The editorial categories are research topics that have guided researchers during the recovery phase and continue to be the impetus behind the Documents Project’s digital archive and the Critical Documents book series. Developed by the project’s Editorial Board, each of the teams analyzed this framework and adapted it to their local contexts in developing their research objectives and work plans during the Recovery Phase. Learn more on the Editorial Framework page.
This article publishes statements by sculptors Federico Canessi, Alberto Tamariz, José María Fernández Urbina, and Ignacio Asúnsolo based on the content of a short article published in Extra the previous day. The interviewed artists talk about public commissions of sculpture created by Francisco Zúñiga and Rodrigo Arenas Betancourt at the Centro Médico. In response, the Mexican artists questioned agree that in the case of public works, the selection of artists must be exclusively through competitive bidding to assure “fair competition” and “artistic quality.” They conclude that the House of Representatives should draft laws in this regard.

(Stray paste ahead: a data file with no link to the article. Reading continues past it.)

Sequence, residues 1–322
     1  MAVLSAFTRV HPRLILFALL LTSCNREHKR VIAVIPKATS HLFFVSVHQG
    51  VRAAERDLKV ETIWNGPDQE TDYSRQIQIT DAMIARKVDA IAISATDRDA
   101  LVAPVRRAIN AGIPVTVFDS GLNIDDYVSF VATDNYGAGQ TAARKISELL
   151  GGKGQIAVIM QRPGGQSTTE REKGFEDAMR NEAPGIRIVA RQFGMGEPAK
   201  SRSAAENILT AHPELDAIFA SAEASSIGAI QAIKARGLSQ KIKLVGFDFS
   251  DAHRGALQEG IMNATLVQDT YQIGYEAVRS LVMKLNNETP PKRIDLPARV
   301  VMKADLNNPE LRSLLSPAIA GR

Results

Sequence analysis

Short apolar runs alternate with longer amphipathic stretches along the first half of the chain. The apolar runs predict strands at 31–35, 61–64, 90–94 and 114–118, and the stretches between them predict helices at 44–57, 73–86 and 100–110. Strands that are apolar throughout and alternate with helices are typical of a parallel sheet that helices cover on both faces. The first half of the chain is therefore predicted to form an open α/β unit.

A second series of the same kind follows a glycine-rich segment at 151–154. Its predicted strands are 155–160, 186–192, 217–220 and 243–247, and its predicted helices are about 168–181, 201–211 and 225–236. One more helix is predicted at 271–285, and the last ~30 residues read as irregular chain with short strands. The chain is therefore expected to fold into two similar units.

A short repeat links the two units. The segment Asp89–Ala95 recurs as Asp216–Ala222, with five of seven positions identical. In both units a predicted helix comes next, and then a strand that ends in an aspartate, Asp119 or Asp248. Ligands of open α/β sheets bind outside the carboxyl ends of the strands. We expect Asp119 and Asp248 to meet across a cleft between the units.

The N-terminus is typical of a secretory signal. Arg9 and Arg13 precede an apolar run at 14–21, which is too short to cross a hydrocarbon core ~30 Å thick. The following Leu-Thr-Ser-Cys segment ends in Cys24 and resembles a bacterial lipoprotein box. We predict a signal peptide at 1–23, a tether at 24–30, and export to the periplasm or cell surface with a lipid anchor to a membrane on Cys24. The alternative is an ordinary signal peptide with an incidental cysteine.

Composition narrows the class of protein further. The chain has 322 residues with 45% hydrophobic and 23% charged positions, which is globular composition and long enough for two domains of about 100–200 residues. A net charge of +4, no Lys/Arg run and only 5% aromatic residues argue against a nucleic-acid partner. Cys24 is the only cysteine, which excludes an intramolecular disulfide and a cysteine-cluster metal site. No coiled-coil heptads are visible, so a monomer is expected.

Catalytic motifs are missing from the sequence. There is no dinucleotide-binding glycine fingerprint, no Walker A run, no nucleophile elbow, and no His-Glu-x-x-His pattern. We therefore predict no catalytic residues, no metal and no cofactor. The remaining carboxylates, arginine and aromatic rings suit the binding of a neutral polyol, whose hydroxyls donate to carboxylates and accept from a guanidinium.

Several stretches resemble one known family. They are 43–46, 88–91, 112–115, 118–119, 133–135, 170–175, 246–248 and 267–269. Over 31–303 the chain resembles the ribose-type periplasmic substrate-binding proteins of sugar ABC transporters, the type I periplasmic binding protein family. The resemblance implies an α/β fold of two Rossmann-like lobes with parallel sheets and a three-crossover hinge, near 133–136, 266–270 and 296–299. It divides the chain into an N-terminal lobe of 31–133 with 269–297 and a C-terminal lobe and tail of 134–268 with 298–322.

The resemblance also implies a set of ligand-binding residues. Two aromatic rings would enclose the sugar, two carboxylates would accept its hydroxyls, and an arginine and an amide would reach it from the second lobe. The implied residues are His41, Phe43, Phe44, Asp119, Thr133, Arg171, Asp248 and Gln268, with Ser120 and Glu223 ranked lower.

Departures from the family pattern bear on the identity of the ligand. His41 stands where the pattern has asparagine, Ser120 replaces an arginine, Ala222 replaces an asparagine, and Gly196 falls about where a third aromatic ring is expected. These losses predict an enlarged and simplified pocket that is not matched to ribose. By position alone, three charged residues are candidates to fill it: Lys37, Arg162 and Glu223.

This article set off what was called the “sculptors’ controversy,” in which artists, critics, and authorities in the cultural sphere participated for two months. [The newspapers] Ultimas Noticias [Latest News] and El Universal [The Universal] and the magazine Impacto [Impact] limited themselves to reviewing the ongoing dispute. While the reason for the complaint was the arbitrary selection of artists, it was not long before the dispute turned into a supposed nationalist defense. The nationalist position demanded the exclusion of any artist not born in Mexico, [including] Francisco Zúñiga (1912–1998), a Costa Rican, and Rodrigo Arenas Betancourt (1919–1995), a Colombian. The critic, curator, and cultural promoter Fernando Gamboa was accused of “favoring foreigners” and being a “malinchista, an anti-nationalist,” in his capacity as director of artworks for the Centro Médico and the [Mexican] Pavilion at the Brussels World’s Fair (Expo 1958). In fact, Arenas Betancourt did not participate in either of these.